An inguinal hernia is an abnormal bulge, or protrusion, that can be seen and felt in the groin area (the area between the abdomen and the thigh). The protrusion occurs through the inguinal canal. There are two types of inguinal hernias. They are classified as direct and indirect depending on their relationship to the inferior epigastric vessels. When the hernia occurs medial to the inferior epigastric vessels and the contents herniated through the superficial inguinal ring, it is referred to as a direct hernia. An indirect hernia occurs when the abdominal contents protrude through the deep inguinal ring, lateral to the inferior epigastric vessels.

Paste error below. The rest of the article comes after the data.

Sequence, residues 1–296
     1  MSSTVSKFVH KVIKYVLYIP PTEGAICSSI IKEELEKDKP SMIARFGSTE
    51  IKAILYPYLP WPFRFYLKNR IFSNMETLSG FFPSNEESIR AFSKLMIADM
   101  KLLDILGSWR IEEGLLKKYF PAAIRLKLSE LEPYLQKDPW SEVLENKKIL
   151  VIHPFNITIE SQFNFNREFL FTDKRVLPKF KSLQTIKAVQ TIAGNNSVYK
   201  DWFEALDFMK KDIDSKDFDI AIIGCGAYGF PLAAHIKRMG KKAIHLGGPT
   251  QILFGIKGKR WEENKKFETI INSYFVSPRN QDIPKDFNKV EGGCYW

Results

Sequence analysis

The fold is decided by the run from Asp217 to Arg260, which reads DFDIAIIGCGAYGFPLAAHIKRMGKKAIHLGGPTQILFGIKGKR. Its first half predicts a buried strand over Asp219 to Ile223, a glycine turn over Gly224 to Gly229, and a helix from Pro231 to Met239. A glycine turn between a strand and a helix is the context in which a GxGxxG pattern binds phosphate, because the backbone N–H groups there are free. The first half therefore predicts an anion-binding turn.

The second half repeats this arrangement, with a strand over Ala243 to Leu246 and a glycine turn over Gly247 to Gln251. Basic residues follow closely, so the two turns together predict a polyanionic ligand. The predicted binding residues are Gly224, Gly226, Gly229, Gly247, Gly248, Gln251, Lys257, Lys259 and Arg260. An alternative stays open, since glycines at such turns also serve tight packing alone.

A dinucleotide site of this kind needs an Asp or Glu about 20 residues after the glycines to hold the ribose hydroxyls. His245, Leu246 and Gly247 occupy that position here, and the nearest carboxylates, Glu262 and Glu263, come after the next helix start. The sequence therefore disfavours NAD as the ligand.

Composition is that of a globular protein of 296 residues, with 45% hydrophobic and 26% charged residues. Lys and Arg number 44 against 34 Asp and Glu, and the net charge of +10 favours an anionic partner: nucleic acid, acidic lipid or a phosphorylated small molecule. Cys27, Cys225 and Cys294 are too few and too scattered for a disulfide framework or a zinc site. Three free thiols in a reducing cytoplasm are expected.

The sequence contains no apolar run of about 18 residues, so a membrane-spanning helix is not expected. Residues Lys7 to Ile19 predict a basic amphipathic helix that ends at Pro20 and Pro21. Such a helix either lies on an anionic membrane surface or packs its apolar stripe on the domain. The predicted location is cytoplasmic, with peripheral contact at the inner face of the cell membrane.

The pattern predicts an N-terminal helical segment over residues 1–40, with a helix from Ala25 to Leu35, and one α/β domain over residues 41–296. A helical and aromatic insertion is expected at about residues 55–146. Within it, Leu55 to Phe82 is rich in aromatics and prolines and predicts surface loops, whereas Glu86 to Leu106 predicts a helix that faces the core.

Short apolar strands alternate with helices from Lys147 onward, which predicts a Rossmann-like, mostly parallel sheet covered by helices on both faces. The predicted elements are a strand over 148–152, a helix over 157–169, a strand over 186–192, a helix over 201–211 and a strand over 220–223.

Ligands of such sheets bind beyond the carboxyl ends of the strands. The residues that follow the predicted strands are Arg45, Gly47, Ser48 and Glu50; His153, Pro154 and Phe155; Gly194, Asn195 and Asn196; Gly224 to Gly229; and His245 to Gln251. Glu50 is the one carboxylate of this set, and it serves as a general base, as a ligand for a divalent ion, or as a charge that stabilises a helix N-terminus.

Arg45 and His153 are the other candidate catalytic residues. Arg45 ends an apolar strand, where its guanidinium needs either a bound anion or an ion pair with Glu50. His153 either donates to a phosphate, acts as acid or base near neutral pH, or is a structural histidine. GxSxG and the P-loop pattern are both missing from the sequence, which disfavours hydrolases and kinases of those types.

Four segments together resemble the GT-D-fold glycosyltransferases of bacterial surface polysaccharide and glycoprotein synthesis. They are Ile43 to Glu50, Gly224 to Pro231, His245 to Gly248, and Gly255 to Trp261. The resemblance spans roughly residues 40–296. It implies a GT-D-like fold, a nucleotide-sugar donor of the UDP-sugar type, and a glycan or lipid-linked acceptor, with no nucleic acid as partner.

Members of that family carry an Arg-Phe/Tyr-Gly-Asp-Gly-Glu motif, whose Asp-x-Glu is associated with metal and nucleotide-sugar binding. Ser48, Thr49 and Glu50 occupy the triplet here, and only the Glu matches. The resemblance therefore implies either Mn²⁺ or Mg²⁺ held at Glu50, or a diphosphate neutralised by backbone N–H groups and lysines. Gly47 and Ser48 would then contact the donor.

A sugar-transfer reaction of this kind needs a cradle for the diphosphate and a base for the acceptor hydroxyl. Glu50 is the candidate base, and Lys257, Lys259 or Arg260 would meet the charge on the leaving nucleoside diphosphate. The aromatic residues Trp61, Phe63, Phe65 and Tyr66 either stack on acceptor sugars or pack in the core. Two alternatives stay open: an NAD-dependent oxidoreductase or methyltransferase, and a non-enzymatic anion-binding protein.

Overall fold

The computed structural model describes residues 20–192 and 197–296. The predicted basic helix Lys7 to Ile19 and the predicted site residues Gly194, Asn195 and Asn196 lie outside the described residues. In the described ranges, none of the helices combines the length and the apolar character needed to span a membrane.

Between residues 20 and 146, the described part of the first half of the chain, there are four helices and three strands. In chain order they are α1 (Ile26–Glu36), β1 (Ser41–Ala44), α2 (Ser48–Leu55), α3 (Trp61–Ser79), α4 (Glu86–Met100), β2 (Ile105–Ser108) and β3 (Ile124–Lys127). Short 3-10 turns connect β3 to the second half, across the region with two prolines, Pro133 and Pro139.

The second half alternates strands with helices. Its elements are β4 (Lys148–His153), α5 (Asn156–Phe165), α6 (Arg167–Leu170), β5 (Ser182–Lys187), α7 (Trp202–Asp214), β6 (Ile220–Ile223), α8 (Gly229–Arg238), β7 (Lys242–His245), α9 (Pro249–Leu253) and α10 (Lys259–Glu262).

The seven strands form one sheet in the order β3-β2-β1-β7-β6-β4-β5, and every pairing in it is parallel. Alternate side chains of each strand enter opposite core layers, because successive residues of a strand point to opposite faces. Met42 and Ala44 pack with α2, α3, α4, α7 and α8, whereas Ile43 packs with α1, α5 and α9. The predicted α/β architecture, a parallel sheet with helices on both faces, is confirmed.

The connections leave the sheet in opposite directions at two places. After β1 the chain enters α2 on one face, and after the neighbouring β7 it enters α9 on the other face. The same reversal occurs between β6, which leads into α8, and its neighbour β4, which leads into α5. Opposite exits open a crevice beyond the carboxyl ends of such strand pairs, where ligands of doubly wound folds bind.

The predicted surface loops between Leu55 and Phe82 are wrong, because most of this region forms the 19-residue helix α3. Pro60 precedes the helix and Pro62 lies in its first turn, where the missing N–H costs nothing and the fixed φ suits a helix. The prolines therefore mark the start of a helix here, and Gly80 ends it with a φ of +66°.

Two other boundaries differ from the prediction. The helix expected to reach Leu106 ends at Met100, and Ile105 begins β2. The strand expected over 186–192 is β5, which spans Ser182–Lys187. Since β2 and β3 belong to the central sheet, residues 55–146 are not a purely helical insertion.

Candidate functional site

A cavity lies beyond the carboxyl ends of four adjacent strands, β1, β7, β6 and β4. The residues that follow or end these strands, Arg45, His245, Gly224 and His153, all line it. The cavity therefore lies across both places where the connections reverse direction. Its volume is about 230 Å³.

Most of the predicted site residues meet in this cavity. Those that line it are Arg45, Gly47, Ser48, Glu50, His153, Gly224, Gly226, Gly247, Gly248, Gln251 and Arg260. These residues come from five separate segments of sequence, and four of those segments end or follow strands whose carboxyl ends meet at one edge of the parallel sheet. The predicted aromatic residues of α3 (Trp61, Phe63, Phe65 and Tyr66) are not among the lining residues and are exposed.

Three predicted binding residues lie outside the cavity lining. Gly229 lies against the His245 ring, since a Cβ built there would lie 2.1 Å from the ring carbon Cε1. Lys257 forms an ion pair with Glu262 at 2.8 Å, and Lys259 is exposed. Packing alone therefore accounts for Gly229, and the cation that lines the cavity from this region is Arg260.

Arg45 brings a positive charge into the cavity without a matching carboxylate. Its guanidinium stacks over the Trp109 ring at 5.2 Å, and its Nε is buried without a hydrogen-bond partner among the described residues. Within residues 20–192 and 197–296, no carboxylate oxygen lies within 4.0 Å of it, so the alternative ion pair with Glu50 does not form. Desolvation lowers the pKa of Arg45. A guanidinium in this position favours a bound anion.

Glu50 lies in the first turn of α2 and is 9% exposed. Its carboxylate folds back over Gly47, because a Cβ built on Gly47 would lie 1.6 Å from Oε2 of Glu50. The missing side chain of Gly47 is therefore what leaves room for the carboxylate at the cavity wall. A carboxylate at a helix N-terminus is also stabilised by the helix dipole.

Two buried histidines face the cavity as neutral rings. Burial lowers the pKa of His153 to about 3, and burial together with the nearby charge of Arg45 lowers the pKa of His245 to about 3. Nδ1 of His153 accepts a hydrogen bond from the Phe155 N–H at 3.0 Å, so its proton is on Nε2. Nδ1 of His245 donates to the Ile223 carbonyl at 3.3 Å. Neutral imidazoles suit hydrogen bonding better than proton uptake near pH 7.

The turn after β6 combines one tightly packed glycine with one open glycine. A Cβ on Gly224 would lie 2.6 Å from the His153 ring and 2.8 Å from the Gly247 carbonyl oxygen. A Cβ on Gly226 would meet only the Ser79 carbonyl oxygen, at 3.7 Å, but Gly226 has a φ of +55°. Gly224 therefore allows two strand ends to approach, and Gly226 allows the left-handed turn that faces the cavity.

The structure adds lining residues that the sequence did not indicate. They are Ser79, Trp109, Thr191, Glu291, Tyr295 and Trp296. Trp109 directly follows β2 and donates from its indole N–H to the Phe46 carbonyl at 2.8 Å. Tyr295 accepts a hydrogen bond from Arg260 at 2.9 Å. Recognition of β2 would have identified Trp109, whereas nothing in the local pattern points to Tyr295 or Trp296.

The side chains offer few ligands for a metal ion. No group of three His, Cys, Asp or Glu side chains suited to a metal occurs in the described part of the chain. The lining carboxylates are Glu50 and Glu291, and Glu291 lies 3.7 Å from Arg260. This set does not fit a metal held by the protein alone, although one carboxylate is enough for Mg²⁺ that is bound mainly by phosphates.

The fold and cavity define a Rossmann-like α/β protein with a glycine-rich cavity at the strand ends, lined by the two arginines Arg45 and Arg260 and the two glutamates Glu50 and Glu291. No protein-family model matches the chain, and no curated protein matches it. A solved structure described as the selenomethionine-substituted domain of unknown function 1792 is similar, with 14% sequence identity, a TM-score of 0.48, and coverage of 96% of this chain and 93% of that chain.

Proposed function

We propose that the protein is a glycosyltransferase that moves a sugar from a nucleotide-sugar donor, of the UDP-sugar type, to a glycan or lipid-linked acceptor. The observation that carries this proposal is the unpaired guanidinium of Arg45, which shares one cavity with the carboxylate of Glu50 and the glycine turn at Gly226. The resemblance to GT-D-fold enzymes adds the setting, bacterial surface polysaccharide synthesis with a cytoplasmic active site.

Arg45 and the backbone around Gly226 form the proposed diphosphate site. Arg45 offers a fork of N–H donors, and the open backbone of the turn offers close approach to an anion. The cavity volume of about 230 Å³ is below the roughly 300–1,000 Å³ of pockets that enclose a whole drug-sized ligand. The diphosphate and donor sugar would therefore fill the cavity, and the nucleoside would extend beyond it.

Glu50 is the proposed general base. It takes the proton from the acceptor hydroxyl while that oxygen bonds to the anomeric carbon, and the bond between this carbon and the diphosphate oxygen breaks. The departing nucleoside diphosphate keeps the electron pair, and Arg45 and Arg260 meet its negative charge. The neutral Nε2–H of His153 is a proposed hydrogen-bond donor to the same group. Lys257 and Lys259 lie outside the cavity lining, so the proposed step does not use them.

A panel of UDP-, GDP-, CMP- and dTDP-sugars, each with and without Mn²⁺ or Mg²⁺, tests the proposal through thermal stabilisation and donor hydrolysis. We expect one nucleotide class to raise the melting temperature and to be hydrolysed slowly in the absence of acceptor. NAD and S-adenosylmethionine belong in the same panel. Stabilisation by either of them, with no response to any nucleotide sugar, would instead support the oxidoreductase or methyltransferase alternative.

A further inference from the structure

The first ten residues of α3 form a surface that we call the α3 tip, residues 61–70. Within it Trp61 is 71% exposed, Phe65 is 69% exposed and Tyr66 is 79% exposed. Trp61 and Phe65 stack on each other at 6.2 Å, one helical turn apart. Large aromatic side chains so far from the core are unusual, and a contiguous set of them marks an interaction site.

Inguinal hernias in children result from a weakness in the abdominal wall that is present at birth. The bulge in the groin might only be noticed when the child is crying, coughing, or straining during a bowel movement, or it might appear to be larger during these times.